A legislator from Cottage Grove introduces bills to respond to groundwater contamination in the east metro area. Certain chemicals once made by 3M would be defined as “hazardous substances” and their health risks would receive new scrutiny under bills introduced at the Legislature this week.
The proposals came after a chemical called PFBA was detected last month in drinking-water wells of six east metro communities. Other 3M chemicals had been found earlier in public and private wells serving Oakdale and Lake Elmo.
Three bills relating to the chemicals were filed by Sen. Katie Sieben, DFL-Cottage Grove, who has criticized the state’s response to the pollution. Cottage Grove is one of the cities affected by the PFBA pollution. The others are Woodbury, St. Paul Park, Hastings, South St. Paul and Newport.
State health officials said that the levels of PFBA in the water do not represent an immediate threat to public health, but that little is known about long-term exposure to the chemical.
One of Sieben’s bills would define PFBA and similar compounds called perfluorochemicals (PFCs) as hazardous substances under the Minnesota Environmental Response and Liability Act, commonly known as the state Superfund law.
The effect would be to ensure that any costs of removing or cleaning up PFCs in the environment would be borne by the polluters, rather than taxpayers, Sieben said. “It’s wise for the state to be looking out for the best interests of the cities,” she said.
Several of the chemicals were formerly manufactured by Maplewood-based 3M for use in products such as stain-resistant fabrics, firefighting foams, film and nonstick cookware.
3M officials did not return several calls asking for comment on the proposed legislation.
Ralph Heussner, spokesman for the Minnesota Pollution Control Agency, said the agency believes that it already has the authority to declare that PFCs are hazardous substances. “We have not yet decided that is a step that needs to be taken,” Heussner said.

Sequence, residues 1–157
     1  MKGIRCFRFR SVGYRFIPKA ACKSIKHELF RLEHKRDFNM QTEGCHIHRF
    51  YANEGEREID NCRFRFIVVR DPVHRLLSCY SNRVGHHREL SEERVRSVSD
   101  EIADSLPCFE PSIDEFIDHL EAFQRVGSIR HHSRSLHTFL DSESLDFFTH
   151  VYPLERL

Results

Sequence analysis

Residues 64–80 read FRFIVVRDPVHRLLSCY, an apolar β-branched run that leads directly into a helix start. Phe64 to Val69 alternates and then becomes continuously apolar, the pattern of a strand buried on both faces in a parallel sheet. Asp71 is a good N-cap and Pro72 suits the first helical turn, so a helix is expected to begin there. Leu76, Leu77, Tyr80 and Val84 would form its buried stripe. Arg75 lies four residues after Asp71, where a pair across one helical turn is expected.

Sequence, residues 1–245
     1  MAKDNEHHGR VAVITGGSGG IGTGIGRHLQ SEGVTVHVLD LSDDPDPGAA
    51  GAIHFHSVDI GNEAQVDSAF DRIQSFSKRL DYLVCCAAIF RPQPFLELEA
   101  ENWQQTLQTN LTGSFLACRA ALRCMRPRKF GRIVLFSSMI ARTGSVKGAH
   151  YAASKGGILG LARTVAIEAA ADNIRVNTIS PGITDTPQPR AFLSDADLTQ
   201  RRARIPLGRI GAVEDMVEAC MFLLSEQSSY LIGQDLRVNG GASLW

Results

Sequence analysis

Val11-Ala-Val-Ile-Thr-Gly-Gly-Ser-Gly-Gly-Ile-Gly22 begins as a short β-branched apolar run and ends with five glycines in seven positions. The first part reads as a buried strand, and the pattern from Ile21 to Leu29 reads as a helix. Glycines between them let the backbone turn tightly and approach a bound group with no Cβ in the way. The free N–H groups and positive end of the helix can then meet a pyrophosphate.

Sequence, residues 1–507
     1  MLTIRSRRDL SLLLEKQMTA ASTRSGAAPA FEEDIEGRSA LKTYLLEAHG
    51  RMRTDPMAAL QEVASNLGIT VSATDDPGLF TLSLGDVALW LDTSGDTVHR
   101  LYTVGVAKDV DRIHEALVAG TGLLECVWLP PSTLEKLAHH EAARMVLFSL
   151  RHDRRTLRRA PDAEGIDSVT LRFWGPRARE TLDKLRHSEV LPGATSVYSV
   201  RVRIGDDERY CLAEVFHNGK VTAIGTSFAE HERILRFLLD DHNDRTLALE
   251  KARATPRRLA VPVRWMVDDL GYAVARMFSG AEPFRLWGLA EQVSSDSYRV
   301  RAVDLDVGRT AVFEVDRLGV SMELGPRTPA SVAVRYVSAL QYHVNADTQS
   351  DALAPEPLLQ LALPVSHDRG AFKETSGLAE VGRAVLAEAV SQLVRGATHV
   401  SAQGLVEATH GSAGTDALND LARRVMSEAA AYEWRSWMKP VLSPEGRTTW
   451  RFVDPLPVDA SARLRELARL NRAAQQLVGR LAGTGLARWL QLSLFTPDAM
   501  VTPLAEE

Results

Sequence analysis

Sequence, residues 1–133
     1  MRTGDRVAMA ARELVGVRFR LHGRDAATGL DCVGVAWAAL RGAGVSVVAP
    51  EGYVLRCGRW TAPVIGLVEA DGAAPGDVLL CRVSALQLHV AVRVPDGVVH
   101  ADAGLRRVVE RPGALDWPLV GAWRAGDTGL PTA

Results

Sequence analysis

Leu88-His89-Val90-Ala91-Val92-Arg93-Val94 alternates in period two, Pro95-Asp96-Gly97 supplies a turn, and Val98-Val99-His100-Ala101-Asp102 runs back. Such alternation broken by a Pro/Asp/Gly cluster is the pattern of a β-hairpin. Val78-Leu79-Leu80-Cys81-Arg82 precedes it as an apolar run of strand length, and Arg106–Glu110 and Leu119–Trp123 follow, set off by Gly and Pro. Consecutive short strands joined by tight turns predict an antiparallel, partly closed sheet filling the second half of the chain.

Another proposal at the Capitol would set interim health risk limits for PFBA and at least temporarily tighten the existing limits for two other perfluorochemicals, PFOA and PFOS. The limits are based upon what the Minnesota Department of Health considers safe to drink daily over a lifetime. The limits are also used to determine whether contaminant levels are high enough to warrant advisories that citizens drink bottled water.
The Health Department established health-based values for PFOA and PFOS in 2002, but not for PFBA.
The bill would require the department to reassess the health risks and develop limits for all three chemicals by Aug. 1. Until then, the bill would require that interim limits for each chemical be set at 0.5 parts per billion, slightly below the Health Department’s current guidelines for those substances.
John Linc Stine, director of the environmental health division at the Health Department, said that officials are aware of the bill and have not taken a position on it. “If the bill is heard, we’ll have comments about the Legislature’s role in establishing health based limits,” Stine said.
Another proposal includes PFCs in a larger bill that would establish an environmental health tracking system in the state. One provision would authorize a small-scale study of the concentrations of different chemicals, including PFCs, in the blood of volunteers.
Sieben said that companion bills will be introduced by House authors in a few days, and she expects hearings on the proposals within a few weeks.